Lazzaro Rossi | Patriots Freedom
Can you imagine if someone rummaged through your personal belongings when you weren’t looking? You would feel violated, wouldn’t you?
That’s how many Bank of American customers are feeling after learning that their financial institution shared personal data from many of their customers with the federal government.
The story came as a bit of a shocker to thousands who have, until now, trusted their bank.
Turns out certain Bank of America customers were flagged as potential terrorist suspects if they met all of the following criteria:
1). Customers who used debit of credit cards in D.C. on January 5th or 6th.
2). Customers who paid for hotels or similar accommodations in D.C., Maryland, or VA any time after 1/6.
3). Customers who shopped at a weapons-related store between Jan. 6th and inauguration day.
4). Customers who made airline purchases after Jan. 6th.
In all, 211 customers were flagged and turned in to federal law enforcement because they met the criteria.
It’s possible you were one of them. Heaven help you if you happened to be in D.C. on that date.
This whole thing raises so many questions:
- Doesn’t there have to be some degree of evidence of wrong-doing before a search can take place?
- Was this even legal? Can a bank do that?
- Don’t they have to have a search warrant, court orders, or subpoena to search through an ocean of bank accounts belonging to innocent people to “see” if we might be criminals?
- Why is the federal government suspecting “the all” to find “the few?” Does the constitution allow this broad-sweeping search of innocents?
- Were the customers told their data was being reviewed and flagged?
Francie Hakes, former prosecutor, was interviewed by FOX news. Here’s what she had to say about this move on Bank of America’s part:
The 4th amendment does not allow these kinds of searches when it’s not particularized. . .searches. That is, a federal agent has to go to a federal judge or appear before the Grand Jury and get an order or a warrant or a subpoena and hand it to someone like the bank and say, “Person A, Francie Hakes, is suspected of committing a riot or insurrection or incitement on this day at this time in Washington D.C. and we expect that the evidence you hold in your bank would show that she was there, which will help us prove that she committed a crime.” That is required by the constitution.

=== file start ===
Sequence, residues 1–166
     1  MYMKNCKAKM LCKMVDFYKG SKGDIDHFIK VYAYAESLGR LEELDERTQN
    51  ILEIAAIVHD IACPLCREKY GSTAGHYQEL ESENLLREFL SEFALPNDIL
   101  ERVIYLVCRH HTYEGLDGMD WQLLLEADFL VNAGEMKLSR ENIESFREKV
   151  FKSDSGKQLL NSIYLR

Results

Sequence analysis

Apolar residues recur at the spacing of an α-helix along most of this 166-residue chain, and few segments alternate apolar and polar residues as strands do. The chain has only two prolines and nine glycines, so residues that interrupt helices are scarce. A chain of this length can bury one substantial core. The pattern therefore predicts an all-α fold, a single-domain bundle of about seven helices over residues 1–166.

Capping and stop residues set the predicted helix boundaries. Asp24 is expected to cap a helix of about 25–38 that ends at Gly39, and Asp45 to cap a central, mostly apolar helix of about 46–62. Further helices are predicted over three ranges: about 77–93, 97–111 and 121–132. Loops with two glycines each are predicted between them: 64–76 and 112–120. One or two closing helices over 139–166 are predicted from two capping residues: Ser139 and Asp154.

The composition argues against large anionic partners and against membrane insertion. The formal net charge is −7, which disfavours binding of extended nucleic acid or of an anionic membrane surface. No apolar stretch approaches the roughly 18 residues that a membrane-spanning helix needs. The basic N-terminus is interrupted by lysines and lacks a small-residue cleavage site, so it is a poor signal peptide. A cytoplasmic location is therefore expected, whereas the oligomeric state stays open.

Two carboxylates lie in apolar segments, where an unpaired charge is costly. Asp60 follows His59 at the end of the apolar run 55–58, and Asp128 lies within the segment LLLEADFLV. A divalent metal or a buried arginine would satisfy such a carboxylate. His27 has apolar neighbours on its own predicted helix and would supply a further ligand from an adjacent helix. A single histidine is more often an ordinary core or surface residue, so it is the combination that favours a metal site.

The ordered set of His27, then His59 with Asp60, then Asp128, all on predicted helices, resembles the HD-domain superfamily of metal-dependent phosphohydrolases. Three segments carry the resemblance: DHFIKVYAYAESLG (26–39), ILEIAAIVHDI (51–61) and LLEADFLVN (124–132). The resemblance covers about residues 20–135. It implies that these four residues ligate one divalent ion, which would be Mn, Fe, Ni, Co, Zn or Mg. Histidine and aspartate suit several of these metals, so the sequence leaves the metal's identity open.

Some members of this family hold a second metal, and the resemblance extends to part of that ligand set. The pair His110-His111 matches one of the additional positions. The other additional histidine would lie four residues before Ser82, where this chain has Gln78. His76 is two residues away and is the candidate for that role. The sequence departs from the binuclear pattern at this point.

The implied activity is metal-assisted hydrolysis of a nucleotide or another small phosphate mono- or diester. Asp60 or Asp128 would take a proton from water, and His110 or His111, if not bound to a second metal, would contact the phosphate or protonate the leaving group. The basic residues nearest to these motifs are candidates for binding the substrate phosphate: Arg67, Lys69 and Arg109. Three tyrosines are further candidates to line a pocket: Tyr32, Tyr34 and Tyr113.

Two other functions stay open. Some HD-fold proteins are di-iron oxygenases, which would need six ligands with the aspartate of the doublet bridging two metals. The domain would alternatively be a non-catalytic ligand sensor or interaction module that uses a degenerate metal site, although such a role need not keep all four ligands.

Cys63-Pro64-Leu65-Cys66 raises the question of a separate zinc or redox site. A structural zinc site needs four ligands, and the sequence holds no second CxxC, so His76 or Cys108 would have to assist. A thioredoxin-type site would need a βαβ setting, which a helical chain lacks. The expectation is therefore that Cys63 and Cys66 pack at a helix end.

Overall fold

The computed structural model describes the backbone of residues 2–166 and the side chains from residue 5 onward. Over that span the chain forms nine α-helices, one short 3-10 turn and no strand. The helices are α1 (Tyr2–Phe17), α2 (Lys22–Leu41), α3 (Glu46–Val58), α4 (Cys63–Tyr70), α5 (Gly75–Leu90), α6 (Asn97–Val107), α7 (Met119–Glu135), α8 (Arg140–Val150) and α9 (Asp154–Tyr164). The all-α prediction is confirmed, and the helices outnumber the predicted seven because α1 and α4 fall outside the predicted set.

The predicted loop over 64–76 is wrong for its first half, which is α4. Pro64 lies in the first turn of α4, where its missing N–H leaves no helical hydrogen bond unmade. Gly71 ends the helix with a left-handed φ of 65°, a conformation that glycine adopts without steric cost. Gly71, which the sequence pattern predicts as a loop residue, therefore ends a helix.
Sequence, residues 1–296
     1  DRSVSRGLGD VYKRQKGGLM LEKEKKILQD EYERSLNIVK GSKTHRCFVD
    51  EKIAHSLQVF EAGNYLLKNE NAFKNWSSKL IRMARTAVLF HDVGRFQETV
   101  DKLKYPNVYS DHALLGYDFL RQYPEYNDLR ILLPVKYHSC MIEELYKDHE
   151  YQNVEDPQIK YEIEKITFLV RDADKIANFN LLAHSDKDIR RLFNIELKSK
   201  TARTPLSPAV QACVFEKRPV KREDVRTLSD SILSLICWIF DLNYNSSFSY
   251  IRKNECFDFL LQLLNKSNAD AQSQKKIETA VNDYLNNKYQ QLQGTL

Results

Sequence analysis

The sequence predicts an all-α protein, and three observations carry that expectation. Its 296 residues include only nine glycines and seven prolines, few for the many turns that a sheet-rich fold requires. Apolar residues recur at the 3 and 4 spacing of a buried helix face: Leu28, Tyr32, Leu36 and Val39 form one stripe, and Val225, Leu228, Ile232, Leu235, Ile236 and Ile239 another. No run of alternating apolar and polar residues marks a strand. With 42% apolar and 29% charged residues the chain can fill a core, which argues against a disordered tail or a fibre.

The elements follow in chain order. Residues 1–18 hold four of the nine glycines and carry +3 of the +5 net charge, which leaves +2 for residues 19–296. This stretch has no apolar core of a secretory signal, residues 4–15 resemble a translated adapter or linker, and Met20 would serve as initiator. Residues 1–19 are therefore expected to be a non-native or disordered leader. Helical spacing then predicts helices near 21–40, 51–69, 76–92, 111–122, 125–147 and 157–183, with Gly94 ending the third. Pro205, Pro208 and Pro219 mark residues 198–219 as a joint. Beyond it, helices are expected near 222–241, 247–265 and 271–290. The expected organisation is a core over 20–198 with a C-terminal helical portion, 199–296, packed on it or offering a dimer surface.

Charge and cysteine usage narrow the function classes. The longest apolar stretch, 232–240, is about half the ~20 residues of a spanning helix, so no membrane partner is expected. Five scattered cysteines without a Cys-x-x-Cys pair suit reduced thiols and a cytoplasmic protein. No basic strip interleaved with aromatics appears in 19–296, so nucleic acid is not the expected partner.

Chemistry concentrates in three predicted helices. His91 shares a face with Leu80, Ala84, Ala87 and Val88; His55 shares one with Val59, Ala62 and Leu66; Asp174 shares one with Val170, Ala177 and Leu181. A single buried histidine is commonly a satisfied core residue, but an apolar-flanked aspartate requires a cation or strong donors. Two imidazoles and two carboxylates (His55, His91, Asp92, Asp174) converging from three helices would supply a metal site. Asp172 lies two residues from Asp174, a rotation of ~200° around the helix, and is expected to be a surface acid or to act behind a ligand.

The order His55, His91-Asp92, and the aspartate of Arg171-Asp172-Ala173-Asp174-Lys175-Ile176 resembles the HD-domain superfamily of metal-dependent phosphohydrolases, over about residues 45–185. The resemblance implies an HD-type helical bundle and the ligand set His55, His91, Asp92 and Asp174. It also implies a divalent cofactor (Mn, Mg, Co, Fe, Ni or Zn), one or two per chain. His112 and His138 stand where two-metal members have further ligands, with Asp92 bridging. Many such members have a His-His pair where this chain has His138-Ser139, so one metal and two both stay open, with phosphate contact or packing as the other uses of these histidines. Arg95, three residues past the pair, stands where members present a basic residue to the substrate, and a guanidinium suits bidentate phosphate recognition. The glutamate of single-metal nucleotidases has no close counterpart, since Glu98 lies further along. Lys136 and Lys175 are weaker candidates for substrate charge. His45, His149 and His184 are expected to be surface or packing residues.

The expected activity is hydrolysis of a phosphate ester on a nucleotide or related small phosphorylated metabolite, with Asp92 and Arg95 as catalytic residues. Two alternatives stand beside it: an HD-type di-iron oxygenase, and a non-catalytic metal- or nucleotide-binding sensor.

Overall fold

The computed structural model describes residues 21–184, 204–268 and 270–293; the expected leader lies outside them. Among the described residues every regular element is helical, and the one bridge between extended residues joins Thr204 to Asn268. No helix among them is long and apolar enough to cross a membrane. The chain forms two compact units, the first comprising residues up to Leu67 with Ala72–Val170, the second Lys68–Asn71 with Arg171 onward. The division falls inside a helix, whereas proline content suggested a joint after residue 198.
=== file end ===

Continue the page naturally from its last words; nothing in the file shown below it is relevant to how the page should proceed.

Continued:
She went on to say:
It does not look like that was done here at all. The Supreme Court has held many times that federal agents cannot rummage through data in order to try to find evidence of a crime. Financial information is highly private in this country and is given high protections.
I don’t know about you, but this new process of suspecting “the all” until we find “the few” is terrifying. And I’m guessing it’ illegal. I can see where it’s headed, for sure, to a place that’s not good. (Man, does my imagination kick in!)
This is not the way our constitution works. This is not how I want my money to be handled. Tomorrow morning, I might just drive on down to the Bank of America and make a withdrawal, then place my money elsewhere.
- Like under my mattress
- Or in gold
- Or in real estate
- Or in products from My Pillow
Just saying. There are better options than an institution that’s happy to search my private data over a crime I didn’t commit.